It is also at The Shack where Leopold wrote his most famous book, A Sand County Almanac, a collection of essays about his experiences, observations, and thinking regarding the place of humans in nature. But only one week after he heard about its acceptance for publication he died of a heat attack while fighting a neighbor’s wildfire that threatened his shack and land. Already by the mid-1960s some 20,000 copies of the book were sold (Meine 2008). It quickly became recognized as a classic in nature writing and by now has sold well over two million copies. It has been translated into 10 languages (Barakatt 2008). As Meine (2008) says: “A Sand County Almanac helped to stimulate environmental literacy among the American public; conversely, readership of A Sand County Almanac and recognition of Leopold’s contributions grew along with that increasing awareness.” To this day it is regularly assigned as reading in numerous university and college courses on ecology, environmentalism, conservation, and related subjects like historical ecology. Scholars continue to analyze this book and his many other technical and popular publications as well as the Aldo Leopold Archives at the University of Wisconsin for new insights through intellectual biographies and other venues (e.g., Callicott 1987, 1989, 1999, Newton 2006).
The Shack was also a beloved weekend and holiday retreat for Leopold’s entire family. His five children all became natural scientists and environmentalists, most of them university professors (Barakatt 1969). This is another most important way in which his legacy has continued. (See Barakatt 2008 on “Aldo Leopold’s Children”).
As Leopold’s daughter, Nina Leopold Bradley (2008) observes: “Aldo Leopold’s land ethic expresses a moral theory that begins, literally and philosophically, with what we know best – firsthand experience. Through his own participation in the land community, he came to a deeper understanding and appreciation of the land community. On his Wisconsin sand county farm, the Shack, he struggled to rebuild a diverse, healthy and aesthetically satisfying biota on his own abused land. Here again, Leopold experienced a profound humility as he became acutely aware of the complexity of factors involved in life and death, growth and decay. Ethical and aesthetic values guided his decisions.”
From his own childhood Leopold developed an ethical and aesthetic sensibility. Following his father as his childhood role model, Leopold was an enthusiastic hunter, fisher, sportsman, and outdoorsman. Even before the establishment of game laws his father imposed a hunting ethic on himself and his three sons that involved a closed season and bag limits. Leopold dedicated his first book, Game Management, to his father. It became the standard textbook on the subject for decades. As Meine (2008) observes: “He guided the field through its first important decade, leading it beyond its original mission of perpetuating populations of game animals and integrating it with other conservation fields. In the process, he provided foundations for later developments in ecology, sustainable agriculture and conservation biology.” Meine (2008) also notes that: “Securing wildlife conservation’s foothold in academe would be one of Leopold’s premier accomplishments in the remaining 15 years of his life.”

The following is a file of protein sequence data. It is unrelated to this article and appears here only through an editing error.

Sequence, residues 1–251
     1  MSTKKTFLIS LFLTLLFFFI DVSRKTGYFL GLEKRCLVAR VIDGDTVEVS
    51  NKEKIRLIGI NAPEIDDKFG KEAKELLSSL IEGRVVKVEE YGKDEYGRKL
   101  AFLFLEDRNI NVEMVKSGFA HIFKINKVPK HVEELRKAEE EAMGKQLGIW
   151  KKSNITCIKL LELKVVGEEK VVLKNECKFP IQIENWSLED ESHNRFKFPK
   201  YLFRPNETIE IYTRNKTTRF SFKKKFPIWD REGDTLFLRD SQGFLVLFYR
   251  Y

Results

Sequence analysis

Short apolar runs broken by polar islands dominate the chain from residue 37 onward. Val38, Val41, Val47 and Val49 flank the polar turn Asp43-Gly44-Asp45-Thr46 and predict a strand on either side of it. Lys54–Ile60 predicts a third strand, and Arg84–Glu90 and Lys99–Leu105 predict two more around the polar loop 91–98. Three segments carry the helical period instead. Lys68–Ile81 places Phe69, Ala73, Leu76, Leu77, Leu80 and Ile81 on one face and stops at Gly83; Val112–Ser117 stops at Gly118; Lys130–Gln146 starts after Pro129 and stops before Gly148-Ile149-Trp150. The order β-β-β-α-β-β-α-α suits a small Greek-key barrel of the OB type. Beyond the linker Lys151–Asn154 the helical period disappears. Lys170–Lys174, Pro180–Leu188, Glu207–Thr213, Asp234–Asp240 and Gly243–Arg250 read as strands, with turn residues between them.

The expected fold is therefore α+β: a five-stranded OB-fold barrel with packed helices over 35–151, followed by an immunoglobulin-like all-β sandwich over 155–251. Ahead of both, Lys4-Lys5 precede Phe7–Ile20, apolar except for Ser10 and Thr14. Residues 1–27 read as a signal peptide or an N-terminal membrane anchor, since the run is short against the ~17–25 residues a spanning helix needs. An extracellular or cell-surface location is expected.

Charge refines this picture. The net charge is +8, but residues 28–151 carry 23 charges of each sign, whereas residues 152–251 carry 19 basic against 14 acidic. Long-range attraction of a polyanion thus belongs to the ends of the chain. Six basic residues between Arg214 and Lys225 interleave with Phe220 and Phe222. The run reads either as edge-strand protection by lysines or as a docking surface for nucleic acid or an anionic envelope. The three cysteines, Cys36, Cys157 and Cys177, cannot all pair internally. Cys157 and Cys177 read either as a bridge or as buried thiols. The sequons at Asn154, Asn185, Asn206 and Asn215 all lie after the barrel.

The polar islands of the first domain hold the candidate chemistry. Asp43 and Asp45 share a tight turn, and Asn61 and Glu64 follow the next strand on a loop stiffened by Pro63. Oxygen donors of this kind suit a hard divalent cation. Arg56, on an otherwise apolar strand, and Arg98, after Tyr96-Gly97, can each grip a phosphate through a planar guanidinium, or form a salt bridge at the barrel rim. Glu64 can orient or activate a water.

Aldo’s mother was fond of music and opera in particular. She instilled in Aldo a keen appreciation of the aesthetic (Callicott 2001:174). From his childhood onward he was a keen observer of nature keeping records and making sketches. Although a life-long hunter, eventually he turned more toward wildlife research, mirroring his shift from an emphasis on wilderness for recreation to its conservation. He believed that wilderness was important for the preservation of threatened species and to provide a baseline for the assessment of land health, the latter now referred to as ecosystem health with normal ecosystem functions and processes. Land health referred to the capacity of the land for self-renewal of the biotic community (Callicott 2001:175-176).
Although Leopold had been passionately engaged in the intimate exploration and observation of nature since his childhood, a profound inner change in his attitude and values toward wildlife was influenced by an epiphany which he describes as part of his involvement in the extirpation of wolves in the southwest:
“We reached the old wolf in time to watch a fierce green fire dying in her eyes. I realized then, and have known ever since, that there was something new to me in those eyes—something known only to her and to the mountain. I was young then, and full of trigger-itch; I thought that because fewer wolves meant more deer, that no wolves would mean hunters’ paradise. But after seeing the green fire die, I sensed that neither the wolf nor the mountain agreed with such a view” (Leopold 1966:138-139).